On the back of the Dee Why RSL case, the NSW Government is taking definitive action when it comes to identifying and supporting gaming machine players who are experiencing problems and harm from their gambling.
On 25 September, the NSW State Government released a draft consultation document regarding the Harm Minimisation Bill. It only applies to pubs and clubs and focuses primarily on self-exclusion. Overall, the bill is aimed at improving the regulatory framework for responsible conduct of gambling in NSW.
You can download a PDF version of the bill HERE
The explanatory paper states that amendments to the legislation is under consideration because “despite the current harm minimisation obligations in place, gambling harms from gaming machines continue to rise.”
The paper goes on to spell out that to better enable venues to proactively engage and assist people who are experiencing or are at risk of gambling harm, the proposed changes focus on:
- Active intervention and enhanced harm minimisation training requirements.
- Variable self-exclusion periods.
- Changes to referrals for gambling counselling services.
- Third-party and venue-initiated exclusions.
- Disincentives to breaching exclusions.
- A single state-wide online exclusion register.
- New offence provisions and increased penalties.
- Whistle-blower protections.
In addition to the above, whispers have emerged over the last few days that a cashless system which utilises a gambling card could be an additional consideration. It’s unclear if this forms part of the current raft of changes in the bill.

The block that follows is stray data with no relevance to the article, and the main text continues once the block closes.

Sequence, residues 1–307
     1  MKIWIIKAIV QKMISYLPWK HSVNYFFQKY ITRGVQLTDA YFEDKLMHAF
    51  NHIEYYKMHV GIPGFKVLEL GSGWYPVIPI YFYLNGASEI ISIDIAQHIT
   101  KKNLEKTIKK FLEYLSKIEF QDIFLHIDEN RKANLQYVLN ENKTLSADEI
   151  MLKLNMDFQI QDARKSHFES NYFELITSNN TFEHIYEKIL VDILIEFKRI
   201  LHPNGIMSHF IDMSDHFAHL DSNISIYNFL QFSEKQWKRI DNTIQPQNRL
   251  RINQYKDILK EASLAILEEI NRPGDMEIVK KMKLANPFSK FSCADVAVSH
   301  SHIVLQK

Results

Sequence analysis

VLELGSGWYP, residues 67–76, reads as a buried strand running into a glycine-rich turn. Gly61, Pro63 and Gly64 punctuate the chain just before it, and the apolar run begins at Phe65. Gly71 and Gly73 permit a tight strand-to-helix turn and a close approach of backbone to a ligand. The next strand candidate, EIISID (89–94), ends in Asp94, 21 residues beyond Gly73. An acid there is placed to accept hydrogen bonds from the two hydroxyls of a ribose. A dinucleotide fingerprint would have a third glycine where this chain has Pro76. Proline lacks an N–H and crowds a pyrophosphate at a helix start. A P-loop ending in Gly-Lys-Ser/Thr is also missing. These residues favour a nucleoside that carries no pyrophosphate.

It remains ambiguous as to the impact on the casinos regarding a cashless system. Of course, this will place any casino in a better position, relative to a club or pub, should it not apply to them.
A few significant impacts/outcomes of a cashless system are:
- Turnover is more auditable.
- Consideration will need to be had to the time and cost for pubs and clubs to make sure machines and systems are compatible.
- There are many players who prefer the anonymity of cash and do not trust any system which requires them to identify themselves.
Whatever the outcome here, it is clear that COVID-19 has increased the shift from cash to card in many areas of life. The long-term picture for gaming is unclear but you would not think it will remain a cash-based system for the long term.
There is quite a bit of political jockeying with such a contentious bill and it is unclear if the bill will have the numbers to pass legislation through the State’s upper house.
There is no denying that the current Queensland Government is also focused on harm minimisation and will be keenly observing how well the bill is supported in NSW.
If you would like to talk to me about what courses we have available for your staff in relation to responsible management of gaming at your venue please feel free to contact me on 0412 886 031 or email@example.com.